Junior Journalist Review

Another great year for the Bath Children’s Literature Festival

By Alex Lea

It has been yet another wonderful year for the Bath Children’s Literature Festival. I was lucky enough to win a competition to be the junior journalist for First News and had the chance to interview and listen to some amazing authors.

Sebastien de Castell is the Canadian author of the Spellslinger series, which follows the character Kellen, a failed mage who is only able to cast the most rudimentary of spells. Kellen must complete a series of magical trials or be forever branded as Sha’tep, the servant class of the Jan’tep arcanocracy (a system of government in which those who wield magic rule). The first book, Spellslinger, follows Kellen’s struggle to make his way in the world. He meets a mysterious wanderer called Ferius Parfax, who has much to teach him. We also meet an extraordinary squirrel cat called Reichis, who becomes a big (and violent) part of the story. Reichis was originally a raccoon but, after the first Guardians of the Galaxy film came out in cinemas, de Castell’s editor said that no film director would touch his book for fear of being viewed as a copycat, so Reichis went through a number of iterations (including wolf and jackrabbit) before he became a squirrel cat. The fifth book in the Spellslinger series comes out in May 2019. That gives you plenty of time to read the first four books in the series. They are fast, funny, wicked and wildly entertaining. Don’t miss them.

Sebastien de Castell. Photo Credit Jesper Mattias.

Marcus Sedgwick is a highly acclaimed, award-winning author. He writes books for young adults that are both highly enjoyable and deeply terrifying. His new book The Monsters We Deserve is no exception. He talked about being inspired by gothic fiction and showed the audience a slideshow of many different monsters, modern and ancient. Sedgwick thinks that most people enjoy being frightened and that reading a scary book is as thrilling as getting on a rollercoaster. Sedgwick also shared some advice for budding authors. Practice finishing what you start, because publishers don’t publish half a book. It is too hard to write a book you don’t enjoy, so don’t try to. And don’t worry about how long your story is or how good it is – just write.

Katherine Rundell has written some incredible books including The Explorer, which has won various awards including the 2017 Costa Children’s Book Award. Rundell said that she really enjoyed going to the Amazon jungle to research her book and that she tried out lots of things in order to make the book more realistic. One thing she put in the book but didn’t try was eating tarantulas. She was told by children in the Amazon that tarantulas taste like prawns, so that is how she described the taste in her book. However, she later got a chance to eat tarantula and thought it tasted horrible! Rundell did say that might be because the ones she ate weren’t freshly caught but she doesn’t know for sure. Rundell told me about being inspired by an explorer, Percy Fawcett, who disappeared in 1925 while looking for a lost ancient city in the jungles of Brazil. She said that he was unlike most explorers of the time. He wasn’t condescending nor colonial, but just really interested in discovery. Rundell also talked about how she believes that children are more resilient than adults think they are – and the child characters in her book certainly show this view.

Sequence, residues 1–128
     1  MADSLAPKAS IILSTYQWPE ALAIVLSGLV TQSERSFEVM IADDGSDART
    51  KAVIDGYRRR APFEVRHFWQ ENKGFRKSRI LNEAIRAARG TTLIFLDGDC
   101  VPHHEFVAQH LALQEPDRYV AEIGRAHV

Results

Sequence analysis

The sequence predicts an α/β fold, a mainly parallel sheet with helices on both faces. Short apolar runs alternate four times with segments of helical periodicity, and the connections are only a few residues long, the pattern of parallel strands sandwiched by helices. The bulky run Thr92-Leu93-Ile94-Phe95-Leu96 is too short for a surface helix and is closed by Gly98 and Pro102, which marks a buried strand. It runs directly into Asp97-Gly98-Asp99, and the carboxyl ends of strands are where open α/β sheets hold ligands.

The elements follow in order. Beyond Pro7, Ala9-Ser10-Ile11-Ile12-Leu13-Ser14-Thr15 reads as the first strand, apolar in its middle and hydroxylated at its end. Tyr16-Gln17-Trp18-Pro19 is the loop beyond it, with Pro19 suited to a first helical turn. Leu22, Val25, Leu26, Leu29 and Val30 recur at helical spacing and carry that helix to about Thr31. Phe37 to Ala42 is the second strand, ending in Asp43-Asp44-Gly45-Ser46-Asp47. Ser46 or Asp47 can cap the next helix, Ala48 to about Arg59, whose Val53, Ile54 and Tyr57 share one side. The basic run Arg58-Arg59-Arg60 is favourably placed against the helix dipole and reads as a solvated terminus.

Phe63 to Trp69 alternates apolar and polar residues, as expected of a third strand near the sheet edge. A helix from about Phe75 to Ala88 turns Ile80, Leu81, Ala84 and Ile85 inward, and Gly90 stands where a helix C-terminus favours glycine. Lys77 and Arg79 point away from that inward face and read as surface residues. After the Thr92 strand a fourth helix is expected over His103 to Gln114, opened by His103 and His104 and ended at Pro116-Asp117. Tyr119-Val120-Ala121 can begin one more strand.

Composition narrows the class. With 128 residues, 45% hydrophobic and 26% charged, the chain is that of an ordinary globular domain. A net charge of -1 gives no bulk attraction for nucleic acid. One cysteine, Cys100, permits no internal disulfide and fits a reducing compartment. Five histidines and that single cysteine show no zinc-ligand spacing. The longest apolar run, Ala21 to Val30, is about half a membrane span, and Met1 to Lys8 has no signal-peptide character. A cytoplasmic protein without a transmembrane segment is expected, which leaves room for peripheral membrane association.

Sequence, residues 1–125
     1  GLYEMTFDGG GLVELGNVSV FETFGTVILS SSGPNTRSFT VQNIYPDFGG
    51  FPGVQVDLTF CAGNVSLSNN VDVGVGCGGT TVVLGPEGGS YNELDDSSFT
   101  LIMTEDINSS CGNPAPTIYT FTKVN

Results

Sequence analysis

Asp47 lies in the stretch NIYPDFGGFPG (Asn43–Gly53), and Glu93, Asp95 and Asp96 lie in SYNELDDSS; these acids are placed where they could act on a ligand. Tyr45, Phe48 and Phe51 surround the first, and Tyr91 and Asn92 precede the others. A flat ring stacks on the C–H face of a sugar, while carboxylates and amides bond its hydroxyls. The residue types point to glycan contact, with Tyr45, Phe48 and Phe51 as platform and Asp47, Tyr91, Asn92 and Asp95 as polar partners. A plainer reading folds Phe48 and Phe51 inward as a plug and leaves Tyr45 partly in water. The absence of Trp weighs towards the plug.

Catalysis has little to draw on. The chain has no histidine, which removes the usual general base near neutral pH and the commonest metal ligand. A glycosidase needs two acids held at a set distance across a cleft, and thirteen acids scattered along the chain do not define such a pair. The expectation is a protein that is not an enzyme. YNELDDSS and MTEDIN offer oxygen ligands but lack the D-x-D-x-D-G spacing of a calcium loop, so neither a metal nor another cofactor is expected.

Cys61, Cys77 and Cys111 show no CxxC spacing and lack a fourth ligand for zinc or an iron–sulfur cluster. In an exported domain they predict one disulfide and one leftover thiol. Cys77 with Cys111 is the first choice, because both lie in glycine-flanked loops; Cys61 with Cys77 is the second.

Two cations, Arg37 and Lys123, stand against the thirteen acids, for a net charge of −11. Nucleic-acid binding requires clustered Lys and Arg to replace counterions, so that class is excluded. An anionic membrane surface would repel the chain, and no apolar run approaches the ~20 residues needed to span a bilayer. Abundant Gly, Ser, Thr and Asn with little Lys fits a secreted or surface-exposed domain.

Katherine Rundell. Photo Credit Jesper Mattias.

My younger brother Toby helped me to interview Dermot O’Leary, X Factor judge and author of the Toto the Ninja Cat series. The central characters in the books are based on his own cats – Toto and Silver. Toto is almost completely blind but still has ninja instincts, which is what inspired O’Leary to write stories about what his cats might be getting up to when their humans aren’t around. The book’s illustrator, Nick East, taught everyone how to draw Toto. My dad has pinned his version up on our fridge (not anyone else’s, just his)! O’Leary said that he will be writing more books in the Toto series, but also said that he could be tempted to write for an older audience, such as young adult.

I have been going to the Bath Children’s Literature Festival since it started, although my choice of reading material has aged with me. I still have a picture on my wall that I won when my brother, sister and I wore our underpants on our heads for Pirates Love Underpants, MANY years ago! I can’t wait for next year’s festival.

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